A fairytale story is the label usually given to Mary Byrne’s meteoric rise to fame, and for once the expression is any no way an exaggeration.
There she was, a check-out assistant at Tesco in Dublin, a 50-year-old single parent mother, who might sing at pubs at the weekend. “I’d play for friends and family,” she says, “and do a bit of karaoke. But I never did anything professionally.” Now, she bestrides the world of showbiz.
Even as she passed the bar-codes over the scanner in her Ballyfermot supermarket, Mary never lacked a sense of adventure.
So when the X Factor auditions came along, she presented herself along with thousands of others in front of Simon Cowell and his posse. Mary’s motto is – follow your dream.
“Even if you think it’s too late, still go for it,” she offers as advice to anyone embarking into the world of showbusiness. And week by week we saw Mary follow her dream in the X Factor, we watched as she grew in strength.
There were setbacks. She forgot her words once, was visibly upset onstage another time (homesick, and missing her daughter), and Simon Cowell obviously didn’t rate her.
“Simon was never that keen. But Louis Walsh was an absolute gem, always ready with advice, or just a bit of chat.”
Dark murmurings began to surface at the semi-final stage about the rules being changed to ensure that Mary did not advance to the final. She magnanimously dismissed the claims at the time, and today remains totally and utterly loyal to the show.
“It was a bonus upon a bonus upon a bonus to get as far as I did,” she says, describing the X Factor as her university degree for a career in music.
“On the X Factor I had the best people in the business giving me vocal coaching and training for the stage.
“Yvie Burnett, the show’s vocal coach, taught me how to get the best out of my voice. I’m still a belter, but today I don’t scream the songs. People tell me that there’s a lovely quality to my voice now.”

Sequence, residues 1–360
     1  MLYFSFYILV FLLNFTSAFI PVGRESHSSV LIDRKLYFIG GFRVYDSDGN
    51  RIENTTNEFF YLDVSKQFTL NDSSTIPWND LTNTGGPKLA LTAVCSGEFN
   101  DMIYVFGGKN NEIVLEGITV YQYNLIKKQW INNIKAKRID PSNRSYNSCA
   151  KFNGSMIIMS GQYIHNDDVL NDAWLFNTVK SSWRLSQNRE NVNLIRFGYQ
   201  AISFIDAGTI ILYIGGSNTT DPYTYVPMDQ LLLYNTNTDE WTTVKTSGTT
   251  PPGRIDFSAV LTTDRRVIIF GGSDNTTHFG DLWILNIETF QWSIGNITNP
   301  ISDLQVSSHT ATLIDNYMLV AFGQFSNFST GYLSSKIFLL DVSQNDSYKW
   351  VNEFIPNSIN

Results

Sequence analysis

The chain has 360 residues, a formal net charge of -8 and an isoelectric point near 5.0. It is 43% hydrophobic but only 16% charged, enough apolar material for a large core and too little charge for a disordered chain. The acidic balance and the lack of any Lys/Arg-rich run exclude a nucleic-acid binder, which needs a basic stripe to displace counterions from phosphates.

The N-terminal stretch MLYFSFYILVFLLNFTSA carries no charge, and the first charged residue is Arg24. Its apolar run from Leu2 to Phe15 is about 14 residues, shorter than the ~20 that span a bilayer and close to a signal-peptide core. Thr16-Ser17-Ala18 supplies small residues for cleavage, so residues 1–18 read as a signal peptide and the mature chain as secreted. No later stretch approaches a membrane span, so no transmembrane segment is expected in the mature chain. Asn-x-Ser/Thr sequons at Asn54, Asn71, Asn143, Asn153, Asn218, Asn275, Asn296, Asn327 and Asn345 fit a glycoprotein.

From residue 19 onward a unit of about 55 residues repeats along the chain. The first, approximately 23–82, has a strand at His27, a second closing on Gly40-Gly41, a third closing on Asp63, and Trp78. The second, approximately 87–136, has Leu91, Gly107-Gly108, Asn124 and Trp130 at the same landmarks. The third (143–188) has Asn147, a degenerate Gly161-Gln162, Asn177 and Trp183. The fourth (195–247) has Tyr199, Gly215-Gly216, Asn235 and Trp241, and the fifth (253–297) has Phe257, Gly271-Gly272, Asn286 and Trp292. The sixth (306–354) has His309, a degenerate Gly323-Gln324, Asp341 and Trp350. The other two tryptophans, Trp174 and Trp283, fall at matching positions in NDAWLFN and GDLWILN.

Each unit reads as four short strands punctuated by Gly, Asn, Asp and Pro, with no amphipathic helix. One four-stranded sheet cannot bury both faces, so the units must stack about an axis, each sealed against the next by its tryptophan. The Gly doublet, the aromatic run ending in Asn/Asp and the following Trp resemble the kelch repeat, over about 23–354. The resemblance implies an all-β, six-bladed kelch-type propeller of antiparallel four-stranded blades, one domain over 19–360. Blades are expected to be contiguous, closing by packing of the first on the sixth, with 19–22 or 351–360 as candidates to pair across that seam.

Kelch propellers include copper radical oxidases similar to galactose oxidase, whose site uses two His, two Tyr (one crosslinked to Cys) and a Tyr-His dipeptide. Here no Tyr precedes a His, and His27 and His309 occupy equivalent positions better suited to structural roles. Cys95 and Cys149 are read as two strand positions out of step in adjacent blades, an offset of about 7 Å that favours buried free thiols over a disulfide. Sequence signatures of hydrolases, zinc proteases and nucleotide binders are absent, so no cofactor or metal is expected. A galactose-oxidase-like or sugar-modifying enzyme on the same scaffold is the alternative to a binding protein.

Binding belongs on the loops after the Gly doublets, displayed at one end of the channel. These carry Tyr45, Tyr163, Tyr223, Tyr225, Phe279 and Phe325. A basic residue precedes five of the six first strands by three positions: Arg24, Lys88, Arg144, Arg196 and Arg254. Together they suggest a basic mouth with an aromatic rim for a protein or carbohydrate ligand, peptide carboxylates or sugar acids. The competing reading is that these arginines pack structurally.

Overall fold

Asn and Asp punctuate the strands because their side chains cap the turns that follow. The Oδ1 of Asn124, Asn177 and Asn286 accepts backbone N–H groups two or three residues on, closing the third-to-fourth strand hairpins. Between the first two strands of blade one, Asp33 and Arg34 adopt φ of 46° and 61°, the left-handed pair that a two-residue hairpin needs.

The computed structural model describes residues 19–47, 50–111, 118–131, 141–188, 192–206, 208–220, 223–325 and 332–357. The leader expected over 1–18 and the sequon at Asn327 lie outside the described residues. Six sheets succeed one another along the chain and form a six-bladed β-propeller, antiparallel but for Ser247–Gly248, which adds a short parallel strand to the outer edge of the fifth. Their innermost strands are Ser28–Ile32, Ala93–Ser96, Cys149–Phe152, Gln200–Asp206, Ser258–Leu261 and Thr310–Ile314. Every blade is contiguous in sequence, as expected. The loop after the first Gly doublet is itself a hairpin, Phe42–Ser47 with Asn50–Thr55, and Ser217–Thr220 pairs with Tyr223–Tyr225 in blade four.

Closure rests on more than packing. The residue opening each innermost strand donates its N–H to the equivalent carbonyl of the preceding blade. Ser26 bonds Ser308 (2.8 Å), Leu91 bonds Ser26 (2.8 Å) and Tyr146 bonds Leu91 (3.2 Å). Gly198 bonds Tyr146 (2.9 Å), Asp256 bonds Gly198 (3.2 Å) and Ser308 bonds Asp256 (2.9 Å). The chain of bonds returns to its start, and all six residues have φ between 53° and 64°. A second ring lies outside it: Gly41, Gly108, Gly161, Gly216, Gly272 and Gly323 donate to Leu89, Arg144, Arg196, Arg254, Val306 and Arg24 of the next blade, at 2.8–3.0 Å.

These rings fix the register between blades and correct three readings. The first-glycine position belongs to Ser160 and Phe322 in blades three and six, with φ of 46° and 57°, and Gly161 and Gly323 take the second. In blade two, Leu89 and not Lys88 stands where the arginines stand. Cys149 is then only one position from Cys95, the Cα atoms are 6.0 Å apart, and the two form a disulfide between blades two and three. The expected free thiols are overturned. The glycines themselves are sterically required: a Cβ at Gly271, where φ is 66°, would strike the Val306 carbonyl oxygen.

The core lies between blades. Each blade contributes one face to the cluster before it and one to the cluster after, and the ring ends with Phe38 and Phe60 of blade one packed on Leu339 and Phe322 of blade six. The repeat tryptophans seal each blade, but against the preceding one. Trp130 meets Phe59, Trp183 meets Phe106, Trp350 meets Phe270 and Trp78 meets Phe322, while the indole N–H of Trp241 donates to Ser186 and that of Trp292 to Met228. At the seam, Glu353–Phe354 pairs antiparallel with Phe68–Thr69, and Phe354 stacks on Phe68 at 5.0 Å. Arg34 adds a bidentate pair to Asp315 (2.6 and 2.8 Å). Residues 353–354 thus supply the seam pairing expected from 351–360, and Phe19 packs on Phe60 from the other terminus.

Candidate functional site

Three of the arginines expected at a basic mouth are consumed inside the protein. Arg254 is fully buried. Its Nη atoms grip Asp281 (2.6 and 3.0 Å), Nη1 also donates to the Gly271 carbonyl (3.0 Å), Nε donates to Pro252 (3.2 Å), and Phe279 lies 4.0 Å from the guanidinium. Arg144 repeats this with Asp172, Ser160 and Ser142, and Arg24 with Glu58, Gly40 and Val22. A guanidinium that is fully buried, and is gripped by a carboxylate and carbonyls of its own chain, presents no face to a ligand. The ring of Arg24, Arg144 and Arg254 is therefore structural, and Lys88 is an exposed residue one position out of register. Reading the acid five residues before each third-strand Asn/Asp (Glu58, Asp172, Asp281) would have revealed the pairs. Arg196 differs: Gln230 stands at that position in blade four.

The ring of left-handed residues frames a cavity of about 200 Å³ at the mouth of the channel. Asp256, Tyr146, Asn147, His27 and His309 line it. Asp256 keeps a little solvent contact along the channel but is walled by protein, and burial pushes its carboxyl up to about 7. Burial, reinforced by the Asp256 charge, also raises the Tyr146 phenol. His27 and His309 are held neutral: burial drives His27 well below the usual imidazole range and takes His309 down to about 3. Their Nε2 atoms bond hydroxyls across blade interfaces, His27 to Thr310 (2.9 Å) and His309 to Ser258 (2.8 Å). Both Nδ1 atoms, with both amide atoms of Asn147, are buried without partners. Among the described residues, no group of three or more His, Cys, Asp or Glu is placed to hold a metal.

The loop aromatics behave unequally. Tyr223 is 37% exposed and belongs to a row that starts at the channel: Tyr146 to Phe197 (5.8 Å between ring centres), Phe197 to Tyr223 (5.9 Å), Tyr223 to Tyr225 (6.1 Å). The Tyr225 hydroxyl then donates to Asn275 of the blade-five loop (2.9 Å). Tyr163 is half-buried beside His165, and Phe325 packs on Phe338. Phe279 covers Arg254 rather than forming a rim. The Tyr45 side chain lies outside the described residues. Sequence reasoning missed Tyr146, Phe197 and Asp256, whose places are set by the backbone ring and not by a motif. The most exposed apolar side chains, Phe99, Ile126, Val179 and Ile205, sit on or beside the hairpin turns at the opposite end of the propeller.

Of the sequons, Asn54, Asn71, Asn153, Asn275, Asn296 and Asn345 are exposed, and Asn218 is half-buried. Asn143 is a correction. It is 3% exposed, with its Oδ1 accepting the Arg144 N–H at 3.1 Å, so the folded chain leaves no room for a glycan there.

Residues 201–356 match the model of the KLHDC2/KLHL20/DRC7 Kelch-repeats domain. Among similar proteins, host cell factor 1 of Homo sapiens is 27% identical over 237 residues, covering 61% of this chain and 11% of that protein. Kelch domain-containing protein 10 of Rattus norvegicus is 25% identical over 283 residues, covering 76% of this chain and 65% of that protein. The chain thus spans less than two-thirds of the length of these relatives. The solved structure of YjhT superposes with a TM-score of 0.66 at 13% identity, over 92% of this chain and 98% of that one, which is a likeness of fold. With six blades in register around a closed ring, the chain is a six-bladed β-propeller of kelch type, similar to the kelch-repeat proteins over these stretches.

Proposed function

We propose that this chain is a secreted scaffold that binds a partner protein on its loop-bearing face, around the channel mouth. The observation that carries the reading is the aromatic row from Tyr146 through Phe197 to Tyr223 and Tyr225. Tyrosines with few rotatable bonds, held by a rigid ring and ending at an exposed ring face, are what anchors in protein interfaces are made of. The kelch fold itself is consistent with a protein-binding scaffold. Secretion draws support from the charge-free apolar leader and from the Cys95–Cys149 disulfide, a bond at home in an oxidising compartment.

Although going out in the semi-final, Mary won the hearts of millions with her big, warm personality and powerhouse voice.
Unsurprisingly, given her warm personality, she has stayed friends with most of the contestants who were in the X Factor house that year.
“I still hear from Wagner, Rebecca, Sher …” she says. “I think they’re all doing well, earning a few bob.”
The Dublin women’s achievements are inspirational. Her first album has gone double platinum, she has performed in a sold out arena tour of Britain and Ireland with the stars of X Factor, and was guest performer at a concert in honour of Queen Elizabeth ll during the British monarch’s historic visit to Ireland last year.
Then she only landed the role of special guest artist with one of her own idols, American singing legend Neil Diamond, singing to an enthusiaastic crowd of 40,000 at Aviva Stadium, Dublin, in June last year.
While performing on the X Factor, Mary caught the attention of legendary Irish singer, songwriter, musician and producer Phil Coulter.
“He’s amazing. He’s really brought the best out in me.”
Her new album includes one of Phil’s song called, Thank God This Was My Life, which has been inspired by the story of Mary’s own life.
The album, entitled “…with Love” also includes some old favourites of Mary’s such as You Don’t Know Me and You Needed Me.
The album also features the song Scorn Not His Simplicity.
“When Phil suggested it, he told me that his favourite version of all time was by the late Luke Kelly of The Dubliners,” she says.
“He also mentioned that Sinéad O’Connor had covered it, and he loved her version too. When he then asked me to do it, I was worried that I’d never do it justice and that he wouldn’t like it.
“Well, I felt so proud when Phil came to me after my recording and said he really liked what I had done with it. He said it feels so honest, coming from a mother’s point of view.
Currently Mary is on tour in Britain with the musical Grease. “I couldn’t believe I was offered a part. I’ve never done any acting, but I seem to have taken to it like a duck to water.”
As regards the future, Mary is enthusiastic, but realistic. “I’d love to crack America, and I think it’s a possibility. I’ve been told that the Youtube clip of my X Factor audition has had over 3million hits in the US!”
It seems likely that the people of America will take Mary Byrne to their hearts, just as the Irish and the British have done. It’s partly her fairy-tale story; but that only gets you so far.
What has brought Mary to her current astounding level of success is her engaging personality, her presence on stage, her charisma, and a voice that not only hits the top notes like a laser beam, but is unlikely to be beaten in the wellie department by any other singer.
Mark my words, she’ll be probably appearing in opera at La Scala in Milan before long.
Mary Byrne’s album “…with love” will be available from March 5 through Universal Music Ireland.